When the son of the founder takes over the running of a company known for pioneering offshoring BPO, it is easy to feel the pressure to make your own mark. And that is exactly what President and Chief Executive Officer of Sykes Enterprises, Chuck Sykes has done.
Far from living under the shadow of his father John H. Sykes, Chuck Sykes has marked Sykes Enterprises with his own stamp, pushing the customer contact management company into new markets and reaching his billion-dollar revenue goal in just five years of taking over the company.
He has done all this without losing sight of the original ethos and strategy of the company, which started out by making an impact on small communities in the United States, but now also has operations around the globe.
Early Days of Sykes Enterprises
Sykes Enterprises, Inc started as an engineering services business in 1977. Founder John Sykes saw the opportunity to move into the consumer support services arena to offer tech support. He acquired Jones Technology Incorporated (JTI), run by husband and wife team Laurie and Dan Jones. The small 20-person company was the basis for Sykes Enterprises’ BPO activities, all centered in the United States. Laurie and Dan were from a very small community in the U.S, Sterling, Colorado, with about 20,000 to 30,000 people, but at the time that they founded their business they lived in San Francisco.
“They had the idea that, in the U.S, a company like JTI – and now like Sykes Enterprises – could actually build these tech support centers to support this new emerging market in consumer technology,” said Charles. “These would be very attractive to small communities because they would create new, exciting jobs, and the communications infrastructure that had been placed in the U.S would enable it. We would be a premier employer in these small communities. That was their strategy and my father, when he bought the company, stayed true to that strategy.”
Sykes started building these centers in very small towns in the U.S., built around training and teaching individuals how to do consumer tech support. Clients included PC manufacturers and Internet service providers. In 1995 they expanded into Amsterdam, went public in 1996, and started making acquisitions throughout Europe. “That premise of consumer tech support centers in small communities where we could be the premier employer, hiring great talent at an affordable price, was how it all started,” Chuck said.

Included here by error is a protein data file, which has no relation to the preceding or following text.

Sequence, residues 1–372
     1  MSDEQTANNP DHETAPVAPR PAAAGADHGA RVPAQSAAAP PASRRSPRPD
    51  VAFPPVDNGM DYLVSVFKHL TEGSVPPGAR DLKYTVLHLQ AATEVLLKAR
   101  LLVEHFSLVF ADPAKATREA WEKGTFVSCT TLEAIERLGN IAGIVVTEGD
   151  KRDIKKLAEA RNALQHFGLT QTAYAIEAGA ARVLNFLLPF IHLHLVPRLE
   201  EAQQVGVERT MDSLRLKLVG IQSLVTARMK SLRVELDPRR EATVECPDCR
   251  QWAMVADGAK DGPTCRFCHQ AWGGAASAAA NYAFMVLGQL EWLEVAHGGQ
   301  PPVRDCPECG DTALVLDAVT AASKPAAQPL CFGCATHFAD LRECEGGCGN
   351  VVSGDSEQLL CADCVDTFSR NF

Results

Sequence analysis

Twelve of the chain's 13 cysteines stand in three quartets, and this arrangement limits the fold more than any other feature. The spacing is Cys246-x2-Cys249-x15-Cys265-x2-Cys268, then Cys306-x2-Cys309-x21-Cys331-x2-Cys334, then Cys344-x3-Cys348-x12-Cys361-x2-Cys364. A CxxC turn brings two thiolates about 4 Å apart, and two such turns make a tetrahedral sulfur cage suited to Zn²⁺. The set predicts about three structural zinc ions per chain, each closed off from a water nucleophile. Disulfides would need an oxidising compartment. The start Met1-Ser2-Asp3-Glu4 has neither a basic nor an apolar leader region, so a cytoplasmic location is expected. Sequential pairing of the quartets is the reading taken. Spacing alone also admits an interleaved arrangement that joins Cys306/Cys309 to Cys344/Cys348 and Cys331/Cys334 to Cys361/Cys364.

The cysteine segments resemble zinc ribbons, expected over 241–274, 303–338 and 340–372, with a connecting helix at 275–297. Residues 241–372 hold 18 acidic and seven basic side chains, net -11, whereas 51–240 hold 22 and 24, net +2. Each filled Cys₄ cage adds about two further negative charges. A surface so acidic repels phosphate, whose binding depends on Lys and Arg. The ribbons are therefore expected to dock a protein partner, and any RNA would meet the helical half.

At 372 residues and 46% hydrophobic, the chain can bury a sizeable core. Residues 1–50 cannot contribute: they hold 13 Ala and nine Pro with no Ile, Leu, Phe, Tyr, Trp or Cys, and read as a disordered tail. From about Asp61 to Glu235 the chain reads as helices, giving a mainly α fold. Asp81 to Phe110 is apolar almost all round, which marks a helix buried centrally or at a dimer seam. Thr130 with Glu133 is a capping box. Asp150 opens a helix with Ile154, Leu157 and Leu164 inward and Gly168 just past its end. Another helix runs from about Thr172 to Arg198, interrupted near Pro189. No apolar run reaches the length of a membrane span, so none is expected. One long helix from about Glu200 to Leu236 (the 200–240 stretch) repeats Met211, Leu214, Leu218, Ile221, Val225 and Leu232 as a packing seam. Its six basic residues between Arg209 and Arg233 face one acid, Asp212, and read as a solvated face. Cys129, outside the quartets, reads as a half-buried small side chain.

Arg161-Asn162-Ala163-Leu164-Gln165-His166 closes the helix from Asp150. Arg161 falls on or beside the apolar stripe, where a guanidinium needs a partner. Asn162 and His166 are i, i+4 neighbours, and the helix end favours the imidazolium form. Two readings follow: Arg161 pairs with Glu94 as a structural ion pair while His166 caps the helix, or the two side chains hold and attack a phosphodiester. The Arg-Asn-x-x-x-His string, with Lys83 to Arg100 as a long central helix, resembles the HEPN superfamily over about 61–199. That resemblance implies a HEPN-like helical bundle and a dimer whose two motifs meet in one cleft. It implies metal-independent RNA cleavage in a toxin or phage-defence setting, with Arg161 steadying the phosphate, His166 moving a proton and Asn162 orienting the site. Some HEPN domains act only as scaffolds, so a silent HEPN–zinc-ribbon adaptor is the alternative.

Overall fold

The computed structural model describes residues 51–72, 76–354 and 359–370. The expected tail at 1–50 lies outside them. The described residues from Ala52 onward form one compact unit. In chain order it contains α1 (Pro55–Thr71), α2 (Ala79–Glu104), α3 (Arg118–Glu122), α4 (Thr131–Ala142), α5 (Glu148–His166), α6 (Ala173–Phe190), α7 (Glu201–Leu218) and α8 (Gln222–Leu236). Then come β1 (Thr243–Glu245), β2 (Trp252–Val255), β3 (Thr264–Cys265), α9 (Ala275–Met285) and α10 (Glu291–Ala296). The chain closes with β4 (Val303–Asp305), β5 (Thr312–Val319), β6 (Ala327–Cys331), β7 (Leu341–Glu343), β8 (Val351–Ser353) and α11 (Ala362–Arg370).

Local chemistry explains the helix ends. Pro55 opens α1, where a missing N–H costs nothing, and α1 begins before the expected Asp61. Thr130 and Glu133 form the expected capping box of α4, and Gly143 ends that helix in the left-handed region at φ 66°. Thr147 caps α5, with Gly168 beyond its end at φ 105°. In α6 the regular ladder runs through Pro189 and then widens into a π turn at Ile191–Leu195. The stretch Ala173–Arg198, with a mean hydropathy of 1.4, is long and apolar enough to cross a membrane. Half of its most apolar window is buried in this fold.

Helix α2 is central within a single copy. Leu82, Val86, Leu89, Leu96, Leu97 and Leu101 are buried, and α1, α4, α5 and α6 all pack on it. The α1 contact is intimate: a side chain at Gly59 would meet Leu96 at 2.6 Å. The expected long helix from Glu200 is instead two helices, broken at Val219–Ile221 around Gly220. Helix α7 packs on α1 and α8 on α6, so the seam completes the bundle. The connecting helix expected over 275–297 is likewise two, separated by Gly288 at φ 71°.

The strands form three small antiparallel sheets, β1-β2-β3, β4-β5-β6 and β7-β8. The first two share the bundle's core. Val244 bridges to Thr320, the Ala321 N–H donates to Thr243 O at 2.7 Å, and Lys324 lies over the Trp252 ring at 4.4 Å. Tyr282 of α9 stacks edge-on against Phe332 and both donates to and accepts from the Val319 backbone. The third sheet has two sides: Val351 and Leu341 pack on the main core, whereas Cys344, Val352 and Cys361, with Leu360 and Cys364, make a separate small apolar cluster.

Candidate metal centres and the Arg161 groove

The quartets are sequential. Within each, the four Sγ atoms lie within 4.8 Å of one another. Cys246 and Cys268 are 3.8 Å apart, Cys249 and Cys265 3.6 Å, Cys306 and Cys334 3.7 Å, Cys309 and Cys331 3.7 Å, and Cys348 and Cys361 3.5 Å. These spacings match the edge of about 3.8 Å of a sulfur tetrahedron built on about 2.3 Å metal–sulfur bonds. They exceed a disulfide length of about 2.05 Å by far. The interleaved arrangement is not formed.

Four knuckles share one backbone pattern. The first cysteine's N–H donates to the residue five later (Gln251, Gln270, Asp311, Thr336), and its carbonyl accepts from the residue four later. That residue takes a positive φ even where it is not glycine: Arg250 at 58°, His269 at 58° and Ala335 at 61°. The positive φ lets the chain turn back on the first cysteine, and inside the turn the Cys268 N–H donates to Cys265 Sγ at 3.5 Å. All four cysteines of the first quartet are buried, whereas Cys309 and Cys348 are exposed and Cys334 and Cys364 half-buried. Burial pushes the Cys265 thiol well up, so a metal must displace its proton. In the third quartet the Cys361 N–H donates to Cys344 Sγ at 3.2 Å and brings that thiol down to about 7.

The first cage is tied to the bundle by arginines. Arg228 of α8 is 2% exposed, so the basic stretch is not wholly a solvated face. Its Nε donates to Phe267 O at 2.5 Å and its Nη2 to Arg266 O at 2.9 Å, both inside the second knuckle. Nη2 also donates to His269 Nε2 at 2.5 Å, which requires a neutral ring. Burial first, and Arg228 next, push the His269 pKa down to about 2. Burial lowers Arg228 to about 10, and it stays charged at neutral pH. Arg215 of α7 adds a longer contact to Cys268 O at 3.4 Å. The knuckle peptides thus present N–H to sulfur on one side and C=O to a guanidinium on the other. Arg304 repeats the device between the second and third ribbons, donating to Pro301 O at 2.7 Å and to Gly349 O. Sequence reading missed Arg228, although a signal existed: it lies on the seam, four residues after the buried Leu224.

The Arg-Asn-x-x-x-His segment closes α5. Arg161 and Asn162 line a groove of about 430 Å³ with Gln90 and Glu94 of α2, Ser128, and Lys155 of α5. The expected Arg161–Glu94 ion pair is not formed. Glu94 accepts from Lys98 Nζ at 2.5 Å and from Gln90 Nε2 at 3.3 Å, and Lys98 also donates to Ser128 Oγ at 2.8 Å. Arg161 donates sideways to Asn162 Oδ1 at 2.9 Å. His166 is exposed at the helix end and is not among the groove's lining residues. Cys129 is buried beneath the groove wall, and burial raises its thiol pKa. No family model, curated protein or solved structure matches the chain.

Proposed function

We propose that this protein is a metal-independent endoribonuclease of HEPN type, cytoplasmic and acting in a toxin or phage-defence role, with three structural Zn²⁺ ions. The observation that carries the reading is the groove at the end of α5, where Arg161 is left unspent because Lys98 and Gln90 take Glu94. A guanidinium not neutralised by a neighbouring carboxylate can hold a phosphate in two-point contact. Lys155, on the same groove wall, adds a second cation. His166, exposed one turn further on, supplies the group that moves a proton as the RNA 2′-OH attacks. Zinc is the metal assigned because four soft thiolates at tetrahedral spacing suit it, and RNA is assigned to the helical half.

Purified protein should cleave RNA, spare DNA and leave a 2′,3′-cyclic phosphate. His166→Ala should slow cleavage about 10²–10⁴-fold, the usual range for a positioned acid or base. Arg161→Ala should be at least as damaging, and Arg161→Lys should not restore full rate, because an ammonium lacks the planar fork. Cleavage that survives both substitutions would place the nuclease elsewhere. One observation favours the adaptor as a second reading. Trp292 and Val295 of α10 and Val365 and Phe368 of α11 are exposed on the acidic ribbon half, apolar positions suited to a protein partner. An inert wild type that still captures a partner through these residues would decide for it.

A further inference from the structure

Sykes in Latin America
Latin American expansion came about almost by accident. When the company went public in 1996, John Sykes realized that there were very few large companies in the industry in Europe, so he wanted to go into the market and aggregate it. In Germany, there were four small companies that he acquired and brought together; in the Scandinavian countries, he acquired three and pulled them together.
“The company that changed everything was McQueen in Scotland, a customer service provider like SYKES, that also had a fulfillment operation,” Chuck said. “My father saw this whole e-commerce industry coming up and he thought it would be great if our company could not only do the front-end, customer-facing activities of customer service and technical support, but if we could also help these new consumer technology companies fulfill their products.”
Sykes said that the fulfillment side of the business, e-commerce, did not work for them, but the one thing that did work well was that McQueen had a small operation in the Philippines that they had set up for one of their clients with about 20 people there. They realized that they could do a similar thing to what they had done in the U.S., which was built on a talent strategy of going into smaller communities and hiring people with the cognitive skills and teaching them how to do tech support. Sykes then started to offer email tech support from the Philippines.
“We started presenting to them doing email support from the Philippines in 1998. It was not an easy sell, but we did get a major software manufacturer to agree to it and we quietly built that to about 800 people,” said Chuck. “Then the dot-com bust happened, a lot of our clients were struggling, and we found ourselves with a first mover advantage in this offshore operation in the Philippines. We had a lot of clients that needed to save money and we went after this aggressively and started offering voice support.”
Benefits of Costa Rica